- Hardcover: 336 pages
- Publisher: Wiley-Blackwell; 1 edition (April 18, 2011)
- Language: English
- ISBN-10: 1405192186
- ISBN-13: 978-1405192187
- Product Dimensions: 7.2 x 1 x 10 inches
- Shipping Weight: 1.7 pounds (View shipping rates and policies)
- Average Customer Review: Be the first to review this item
Amazon Best Sellers Rank:
#7,672,065 in Books (See Top 100 in Books)
- #6179 in Books > Politics & Social Sciences > Politics & Government > Public Affairs & Policy > City Planning & Urban Development
- #6285 in Books > Politics & Social Sciences > Social Sciences > Urban Planning & Development
- #6339 in Books > Arts & Photography > Architecture > Urban & Land Use Planning
Enter your mobile number or email address below and we'll send you a link to download the free Kindle App. Then you can start reading Kindle books on your smartphone, tablet, or computer - no Kindle device required.
To get the free app, enter your mobile phone number.
Planning in Divided Cities 1st Edition
Use the Amazon App to scan ISBNs and compare prices.
See the Best Books of 2017
Looking for something great to read? Browse our editors' picks for the best books of the year in fiction, nonfiction, mysteries, children's books, and much more.
From the Back Cover
Does planning in contested cities inadvertedly make the divisions worse? The 60s and 70s saw a strong role for planning and social engineering but there has since been a move towards a more decentralised ‘community planning’ approach.
Planning in Divided Cities examines urban planning and policy in the context of deeply contested space, where identity and cultural affinities are reshaping cities. Throughout the world, contentions around identity and territory abound, and in Britain, this problem has found recent expression in debates about multiculturalism and community cohesion. These issues are most visible in the urban arena, where socially polarised communities co-habit cities also marked by divided ethnic loyalties. The relationship between the two is complicated by the typical pattern that social disadvantage is disproportionately concentrated among ethnic groups, who also experience a social and cultural estrangement, based on religious or racial identity.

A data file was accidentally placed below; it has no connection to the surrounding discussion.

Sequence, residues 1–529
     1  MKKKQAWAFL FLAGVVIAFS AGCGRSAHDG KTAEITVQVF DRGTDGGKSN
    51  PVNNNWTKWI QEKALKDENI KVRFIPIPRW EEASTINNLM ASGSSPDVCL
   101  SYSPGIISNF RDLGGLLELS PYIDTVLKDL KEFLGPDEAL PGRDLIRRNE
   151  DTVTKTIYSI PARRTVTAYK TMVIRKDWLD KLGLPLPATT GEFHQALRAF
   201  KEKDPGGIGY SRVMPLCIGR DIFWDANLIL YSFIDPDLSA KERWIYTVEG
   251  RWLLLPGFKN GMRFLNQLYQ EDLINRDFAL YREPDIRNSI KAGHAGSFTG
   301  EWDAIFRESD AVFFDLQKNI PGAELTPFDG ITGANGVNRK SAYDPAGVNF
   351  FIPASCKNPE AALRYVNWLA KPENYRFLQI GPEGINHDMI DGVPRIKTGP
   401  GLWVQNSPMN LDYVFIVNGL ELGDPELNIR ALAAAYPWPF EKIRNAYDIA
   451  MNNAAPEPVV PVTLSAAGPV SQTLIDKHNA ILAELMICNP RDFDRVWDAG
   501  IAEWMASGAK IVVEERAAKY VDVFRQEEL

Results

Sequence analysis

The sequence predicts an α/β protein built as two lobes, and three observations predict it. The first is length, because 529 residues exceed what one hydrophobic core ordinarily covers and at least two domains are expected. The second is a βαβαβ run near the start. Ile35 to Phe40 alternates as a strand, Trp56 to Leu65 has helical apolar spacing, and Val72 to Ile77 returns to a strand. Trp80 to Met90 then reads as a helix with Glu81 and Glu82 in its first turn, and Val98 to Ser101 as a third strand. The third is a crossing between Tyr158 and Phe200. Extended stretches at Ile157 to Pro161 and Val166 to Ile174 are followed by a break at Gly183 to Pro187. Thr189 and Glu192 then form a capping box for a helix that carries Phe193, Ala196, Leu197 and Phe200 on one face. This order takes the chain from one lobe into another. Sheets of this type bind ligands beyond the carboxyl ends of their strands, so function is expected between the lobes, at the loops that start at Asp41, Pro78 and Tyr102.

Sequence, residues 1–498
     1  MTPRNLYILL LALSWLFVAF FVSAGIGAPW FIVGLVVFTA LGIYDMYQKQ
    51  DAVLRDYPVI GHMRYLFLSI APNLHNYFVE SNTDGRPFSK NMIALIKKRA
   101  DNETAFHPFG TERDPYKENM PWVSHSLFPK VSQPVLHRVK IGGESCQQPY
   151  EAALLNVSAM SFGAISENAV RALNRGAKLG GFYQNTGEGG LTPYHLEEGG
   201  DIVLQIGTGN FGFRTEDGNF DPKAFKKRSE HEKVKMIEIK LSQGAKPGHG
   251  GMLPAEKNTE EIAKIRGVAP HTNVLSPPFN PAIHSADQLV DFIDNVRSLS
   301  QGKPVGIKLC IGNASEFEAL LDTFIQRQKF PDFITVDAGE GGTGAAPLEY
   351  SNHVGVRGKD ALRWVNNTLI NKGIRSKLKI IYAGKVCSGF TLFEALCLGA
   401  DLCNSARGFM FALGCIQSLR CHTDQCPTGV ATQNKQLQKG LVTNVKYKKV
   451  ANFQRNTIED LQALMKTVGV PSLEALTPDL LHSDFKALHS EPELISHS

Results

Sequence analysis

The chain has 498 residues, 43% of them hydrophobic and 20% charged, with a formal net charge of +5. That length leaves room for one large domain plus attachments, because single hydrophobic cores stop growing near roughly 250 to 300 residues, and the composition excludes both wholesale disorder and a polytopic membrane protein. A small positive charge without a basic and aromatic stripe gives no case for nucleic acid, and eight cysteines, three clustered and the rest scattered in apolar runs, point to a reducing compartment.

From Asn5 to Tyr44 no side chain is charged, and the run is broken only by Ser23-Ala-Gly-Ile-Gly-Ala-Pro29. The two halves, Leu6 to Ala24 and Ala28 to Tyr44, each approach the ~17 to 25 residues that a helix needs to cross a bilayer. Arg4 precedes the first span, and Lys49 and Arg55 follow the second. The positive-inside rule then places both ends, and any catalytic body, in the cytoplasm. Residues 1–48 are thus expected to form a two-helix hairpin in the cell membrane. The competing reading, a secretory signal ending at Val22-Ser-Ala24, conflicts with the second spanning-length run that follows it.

Navigating between social exclusion and community cohesion is essential for the urban challenges of efficient resource use, environmental enhancement, and the development of a flourishing economy.
The authors address planning in divided cities in a UK and international context, examining cities such as Chicago, hyper-segregated around race, acting as a crucible for a wider conflict.
The first section deals with concepts and theories, examining the research literature and situating the issue within the urban challenges of regeneration and inclusion. Section 2 covers collaborative planning and identifies models of planning, policy and urban governance that can operate in contested space. Section 3 presents case studies from the UK, Nicosia, Chicago and other US cities, examining both the historical/contemporary features of these cities and their potential trajectories. The final section offers conclusions and ways forward, drawing the lessons for creating shared space in a pluralist cities and addressing cohesion and multiculturalism.
Also of interest:
Neighbourhood Renewal & Housing Markets
Making Competitive Cities
Cover design by Edge Creative – www.edgecreativestudio.com
About the Author
Professor Frank Gaffikin (Director of Research) and Professor Mike Morrissey: both of the Institute of Spatial and Environmental Planning, School of Planning and Civil Engineering, Queen’s University Belfast
|5 star (0%)|
|4 star (0%)|
|3 star (0%)|
|2 star (0%)|
|1 star (0%)|